Other Common Names: Guayacan, Palo santo (Mexico, Central America, West Indies, Venezuela, and Colombia).
Distribution: West Indies, coastal region of tropical Mexico, west coast of Central America, and northern fringe of Colombia and adjacent areas in Venezuela. Largely confined to dry exposed sites and does well on shallow soils.
The Tree: A small tree usually 20 to 30 ft in height; often 10 to 12 in. in diameter, occasionally 18 to 30 in.
General Characteristics: Heartwood is dark greenish brown to almost black and sharply demarcated from the narrow pale yellow or cream-colored sapwood. Texture very fine; grain is strongly interlocked; a slight scent is evident when warmed or rubbed. It has a characteristic oily feel due to the resin content that may be as high as one-fourth of the air-dry weight.
Weight: Basic specific gravity (ovendry weight/green volume) 1.05; air-dry density 80 pcf.
Mechanical Properties: (2-in. standard)
Moisture content Bending strength Modulus of elasticity Maximum crushing strength
(%) (Psi) (1,000 psi) (Psi)
12% (46) NA NA 11,400
Janka side hardness 4,500 lb at 12% moisture content. Forest Products Laboratory toughness 165 in.-lb at 9% moisture content (5/8-in. specimen).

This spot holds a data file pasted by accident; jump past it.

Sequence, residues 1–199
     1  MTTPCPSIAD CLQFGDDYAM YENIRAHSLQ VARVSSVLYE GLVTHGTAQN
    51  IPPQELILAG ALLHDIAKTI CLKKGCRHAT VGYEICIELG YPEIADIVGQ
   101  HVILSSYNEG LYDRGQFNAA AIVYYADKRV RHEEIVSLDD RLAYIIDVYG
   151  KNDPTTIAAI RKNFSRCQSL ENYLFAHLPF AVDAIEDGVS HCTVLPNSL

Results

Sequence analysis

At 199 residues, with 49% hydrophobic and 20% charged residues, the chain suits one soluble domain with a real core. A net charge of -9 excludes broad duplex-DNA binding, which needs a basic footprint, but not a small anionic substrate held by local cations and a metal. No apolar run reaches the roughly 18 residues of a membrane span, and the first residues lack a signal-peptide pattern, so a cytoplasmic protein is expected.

Drying and shrinkage: The wood is difficult to dry and considerable care is require to avoid shakes and end splits. Kiln schedule T2-C2 is suggested for 4/4 stock and T2-C1 for 8/4. No data available on shrinkage characteristics.
Working Properties: Very difficult to work with hand or machine tools; a cutting angle of 15 or less is suggested in planing. The wood turns and shapes well and takes a high polish. Because of oily resins, requires special surface treatments for satisfactory gluing.
Durability: The heartwood is very resistant to attack by decay fungi, termites, and marine borers.
Preservation: No data available, but because of the high guaiac resin content and high density, treatability should be nil.
Uses: Bearings, bushing blocks, pulley sheaves, mallet heads, and turnery. Most noted use is in bearings and bushing blocks for propeller shafts of ships because of its self-lubrication and hardness.
Additional Reading: (29), (46), (56)
29. Greene, S. 1959. An investigation of certain physical and mechanical properties of lignum-vitae. Forest Prod. J. 9(9):303-307.
46. Longwood, F. R. 1962. Present and potential commercial timbers of the Caribbean. Agriculture Handbook No. 207. U.S. Department of Agriculture.
56. Record, S. J., and R. W. Hess. 1949. Timbers of the new world. Yale University Press, New Haven, Conn.
From: Chudnoff, Martin. 1984. Tropical Timbers of the World. USDA Forest Service. Ag. Handbook No. 607.